"The taking of a deposition is a mode of discovery."
To some lawyers, the taking of a deposition is of minimum legal value. Why take a deposition when the deponent is expected to evade the questions or simply deny material and relevant facts within his knowledge? This was the question I received more than a decade ago when I delivered a Mandatory Continuing Legal Education lecture to lawyers.
The taking of a deposition is a mode of discovery. It is taken under oath in the presence of any judge in the Philippines, a notary public, or any person authorized to administer an oath stipulated in writing by the parties (Section 10, Rule 23, 2019 Amendments to the Rules of Civil Procedure [ARCP]). The deponent may be examined on any matter, not privileged or confidential, which is relevant to the subject of the pending case or action.
The deposition or examination, whether oral or written, is in a question and answer form. It may be mistaken for an examination in court if taken before a judge, but it is different from an examination taken during trial. To fully appreciate its legal significance, the understanding of its uses is imperative. A deposition may be used to contradict or impeach the testimony of the deponent as a witness (Section 4, Rule 23 ARCP). This happens when the deponent who is presented as a witness in court is impeached with the use of his or her own deposition that contains inconsistent statements.
The deposition of a deceased witness may be used as the latter’s testimony in a court proceeding. However, the deposition of the deceased witness given in a former case or proceeding, judicial or administrative, involving the same parties and subject matter, may only be given in evidence against the adverse party who had the opportunity to cross-examine him or her (Section 49, Rule 130, 2019 Amended Rules on Evidence).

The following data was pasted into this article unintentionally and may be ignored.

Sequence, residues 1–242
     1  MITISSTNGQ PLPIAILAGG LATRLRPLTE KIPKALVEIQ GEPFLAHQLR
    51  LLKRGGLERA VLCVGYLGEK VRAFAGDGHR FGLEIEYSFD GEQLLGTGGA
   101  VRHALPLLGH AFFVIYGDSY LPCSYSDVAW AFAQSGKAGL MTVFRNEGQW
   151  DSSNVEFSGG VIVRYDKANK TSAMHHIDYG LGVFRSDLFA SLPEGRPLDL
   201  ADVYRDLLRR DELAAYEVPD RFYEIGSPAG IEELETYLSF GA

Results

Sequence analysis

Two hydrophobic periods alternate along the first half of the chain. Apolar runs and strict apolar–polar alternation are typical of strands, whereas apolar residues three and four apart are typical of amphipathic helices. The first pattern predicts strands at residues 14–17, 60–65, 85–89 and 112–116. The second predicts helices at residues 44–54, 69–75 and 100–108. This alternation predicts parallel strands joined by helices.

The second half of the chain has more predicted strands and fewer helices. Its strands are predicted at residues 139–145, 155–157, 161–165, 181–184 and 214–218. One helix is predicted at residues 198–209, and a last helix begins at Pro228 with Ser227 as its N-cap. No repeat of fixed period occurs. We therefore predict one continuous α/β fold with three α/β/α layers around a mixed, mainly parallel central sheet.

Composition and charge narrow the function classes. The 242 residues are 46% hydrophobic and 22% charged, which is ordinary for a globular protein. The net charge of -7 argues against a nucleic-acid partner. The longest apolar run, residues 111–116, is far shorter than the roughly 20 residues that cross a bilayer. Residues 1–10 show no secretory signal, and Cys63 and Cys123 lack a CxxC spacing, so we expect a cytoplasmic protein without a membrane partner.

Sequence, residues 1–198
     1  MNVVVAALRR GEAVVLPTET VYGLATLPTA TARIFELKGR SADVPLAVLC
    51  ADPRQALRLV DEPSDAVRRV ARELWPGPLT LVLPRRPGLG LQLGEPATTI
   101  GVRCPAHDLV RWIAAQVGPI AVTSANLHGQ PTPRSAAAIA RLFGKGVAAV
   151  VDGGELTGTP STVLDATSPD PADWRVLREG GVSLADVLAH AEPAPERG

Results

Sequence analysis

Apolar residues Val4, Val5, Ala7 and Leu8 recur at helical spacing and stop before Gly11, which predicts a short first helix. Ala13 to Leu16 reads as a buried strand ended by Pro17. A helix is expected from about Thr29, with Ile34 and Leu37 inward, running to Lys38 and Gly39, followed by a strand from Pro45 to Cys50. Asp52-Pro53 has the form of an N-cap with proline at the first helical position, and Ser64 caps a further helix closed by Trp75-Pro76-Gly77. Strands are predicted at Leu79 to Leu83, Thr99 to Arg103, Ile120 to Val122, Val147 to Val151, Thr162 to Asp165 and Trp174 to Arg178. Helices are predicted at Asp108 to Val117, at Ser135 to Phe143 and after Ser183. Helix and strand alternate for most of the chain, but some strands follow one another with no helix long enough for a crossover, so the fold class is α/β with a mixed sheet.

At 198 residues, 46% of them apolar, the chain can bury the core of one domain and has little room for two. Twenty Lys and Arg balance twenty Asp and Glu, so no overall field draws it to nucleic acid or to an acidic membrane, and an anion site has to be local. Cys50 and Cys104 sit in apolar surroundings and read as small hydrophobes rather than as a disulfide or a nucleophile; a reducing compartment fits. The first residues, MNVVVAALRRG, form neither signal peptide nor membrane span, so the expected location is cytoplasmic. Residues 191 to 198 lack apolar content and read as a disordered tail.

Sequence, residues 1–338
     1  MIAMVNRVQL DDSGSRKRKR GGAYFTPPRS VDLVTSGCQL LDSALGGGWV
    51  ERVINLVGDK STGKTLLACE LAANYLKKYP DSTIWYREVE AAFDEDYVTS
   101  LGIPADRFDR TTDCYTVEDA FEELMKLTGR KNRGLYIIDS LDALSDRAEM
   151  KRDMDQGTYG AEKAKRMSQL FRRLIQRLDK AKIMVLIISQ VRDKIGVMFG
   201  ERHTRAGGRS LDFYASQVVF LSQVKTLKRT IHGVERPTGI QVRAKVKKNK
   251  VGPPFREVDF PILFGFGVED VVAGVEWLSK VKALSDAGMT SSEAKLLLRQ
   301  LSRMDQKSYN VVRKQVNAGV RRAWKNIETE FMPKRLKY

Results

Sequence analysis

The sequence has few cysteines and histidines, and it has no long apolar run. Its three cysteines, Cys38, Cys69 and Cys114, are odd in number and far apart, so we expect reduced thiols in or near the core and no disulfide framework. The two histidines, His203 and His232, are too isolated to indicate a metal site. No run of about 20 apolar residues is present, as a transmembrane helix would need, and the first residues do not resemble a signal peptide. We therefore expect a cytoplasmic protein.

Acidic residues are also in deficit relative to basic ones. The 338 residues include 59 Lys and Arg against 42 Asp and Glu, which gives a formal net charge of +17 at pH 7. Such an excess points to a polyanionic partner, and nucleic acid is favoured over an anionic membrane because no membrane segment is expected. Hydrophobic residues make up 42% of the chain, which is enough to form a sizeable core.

It is also possible that the witness resides more than 100 kilometers from the place of the trial or hearing, such as when he or she is abroad or in a remote place in the Philippines (Section 4, Rule 23, ARCP). The deposition is commonly used for this purpose since the attendance of a witness in court cannot be compelled by a subpoena for the said reason. A warrant to arrest the witness cannot be issued to require attendance in court nor can the court hold the non-attending witness by reason of distance of more than 100 kilometers in contempt (Section 10, Rule 21, ARCP).
When a witness is sick, infirm or of advanced age, a deposition can be taken as his or her testimony in court. I was once faced with such a predicament when my septuagenarian client, who had a serious heart ailment, told me that he cannot physically testify in court because it may cost him his life. Aside from filing a Motion to take his Written Interrogatories with supporting documents to prove his deteriorating physical condition, he had to be brought to court with an ambulance for a visual examination of the judge.
Depositions may also be taken in a foreign country before: (a) a consular office of the Republic of the Philippines; (b) a person or officer appointed by commission or under letters rogatory; and (c) any person authorized to administer an oath stipulated in writing by the parties (Section 11, Rule 23, ARCP). A commission is “an instrument issued by a court of justice … directed to an individual by name … authorizing him to take the depositions of the witnesses named therein, while letters rogatory is a request to a foreign court to give its aid, backed by its power to secure the desired information” (Dulay v. Dulay, G.R. No. 158857, November 11, 2005).